Image from DominiquePrima.com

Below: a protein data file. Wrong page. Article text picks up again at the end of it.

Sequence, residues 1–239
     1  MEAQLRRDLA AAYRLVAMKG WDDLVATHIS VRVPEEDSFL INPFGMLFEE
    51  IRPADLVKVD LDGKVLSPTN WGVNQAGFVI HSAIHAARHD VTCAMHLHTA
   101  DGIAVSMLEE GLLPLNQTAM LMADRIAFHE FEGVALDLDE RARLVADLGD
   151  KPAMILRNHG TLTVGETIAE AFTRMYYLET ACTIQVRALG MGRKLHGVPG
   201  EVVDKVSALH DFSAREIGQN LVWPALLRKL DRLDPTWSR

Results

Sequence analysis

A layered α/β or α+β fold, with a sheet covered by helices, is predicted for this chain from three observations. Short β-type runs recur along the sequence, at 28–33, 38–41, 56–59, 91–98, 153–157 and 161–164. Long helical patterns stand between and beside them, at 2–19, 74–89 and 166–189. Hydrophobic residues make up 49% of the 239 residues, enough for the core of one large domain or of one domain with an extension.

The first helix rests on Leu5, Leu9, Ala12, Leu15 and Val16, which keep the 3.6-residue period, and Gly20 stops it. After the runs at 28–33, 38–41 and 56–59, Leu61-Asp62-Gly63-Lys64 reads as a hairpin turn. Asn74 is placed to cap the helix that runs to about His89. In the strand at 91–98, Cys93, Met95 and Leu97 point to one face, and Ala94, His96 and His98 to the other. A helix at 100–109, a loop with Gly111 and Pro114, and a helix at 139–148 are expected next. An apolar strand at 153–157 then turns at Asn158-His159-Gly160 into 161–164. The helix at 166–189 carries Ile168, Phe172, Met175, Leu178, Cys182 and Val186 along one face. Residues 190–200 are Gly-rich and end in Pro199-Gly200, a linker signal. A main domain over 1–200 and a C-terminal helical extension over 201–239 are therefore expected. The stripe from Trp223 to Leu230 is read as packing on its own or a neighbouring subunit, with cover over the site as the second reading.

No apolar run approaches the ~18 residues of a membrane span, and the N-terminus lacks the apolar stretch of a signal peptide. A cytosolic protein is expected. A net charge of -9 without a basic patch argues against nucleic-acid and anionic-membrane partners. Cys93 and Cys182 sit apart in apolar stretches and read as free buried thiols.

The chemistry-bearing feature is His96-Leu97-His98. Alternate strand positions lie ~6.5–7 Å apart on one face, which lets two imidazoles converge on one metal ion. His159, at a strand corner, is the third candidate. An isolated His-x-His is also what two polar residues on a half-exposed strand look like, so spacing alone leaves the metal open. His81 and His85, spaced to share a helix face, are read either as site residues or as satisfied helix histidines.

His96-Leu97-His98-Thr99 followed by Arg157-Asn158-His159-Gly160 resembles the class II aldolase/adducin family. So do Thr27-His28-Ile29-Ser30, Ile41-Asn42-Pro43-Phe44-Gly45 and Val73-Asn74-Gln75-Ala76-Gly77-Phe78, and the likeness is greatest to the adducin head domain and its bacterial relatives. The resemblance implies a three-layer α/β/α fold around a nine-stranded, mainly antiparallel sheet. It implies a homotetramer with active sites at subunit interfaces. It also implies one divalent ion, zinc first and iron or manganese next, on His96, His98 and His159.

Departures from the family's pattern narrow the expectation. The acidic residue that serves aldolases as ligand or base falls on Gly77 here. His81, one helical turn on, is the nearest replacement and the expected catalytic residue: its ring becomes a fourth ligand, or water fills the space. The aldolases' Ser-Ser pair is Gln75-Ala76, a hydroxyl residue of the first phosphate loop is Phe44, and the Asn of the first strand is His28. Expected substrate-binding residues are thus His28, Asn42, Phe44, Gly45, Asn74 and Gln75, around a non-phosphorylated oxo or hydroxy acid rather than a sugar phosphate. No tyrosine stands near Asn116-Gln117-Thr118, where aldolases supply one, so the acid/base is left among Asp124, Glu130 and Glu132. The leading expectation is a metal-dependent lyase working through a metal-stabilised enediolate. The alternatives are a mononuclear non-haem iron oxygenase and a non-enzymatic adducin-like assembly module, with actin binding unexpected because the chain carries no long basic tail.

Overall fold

We are witnessing the rise of a solidarity economy movement, stretching from the Atlantic to the Pacific, including organizations like Cooperation Worcester in Massachusetts, Cooperation Humboldt and Cooperation Richmond in California, and Cooperation Jackson in Mississippi, among others. One of the leaders of this movement is Kali Akuno, co-founder and co-director of Cooperation Jackson, who recently wrote a book titled "Jackson Rising: The Struggle for Economic Democracy and Black Self-Determination in Jackson, Mississippi." Akuno was born in Los Angeles, California, and grew up in a working-class community where he watched the devastation brought by deindustrialization and the gang wars that hit L.A. in the 1970s, 80s, and 90s. His family was deeply involved in various social movements, particularly the Afrikan People's Party. Akuno was raised in a world marked by violent poverty, as well as radical activism. Akuno moved around in California and eventually wound up in Jackson, Mississippi. We spoke with Akuno about his work with Cooperation Jackson, the broader solidarity economy in general, and what particular challenges working-class African American communities are experiencing in the deep south.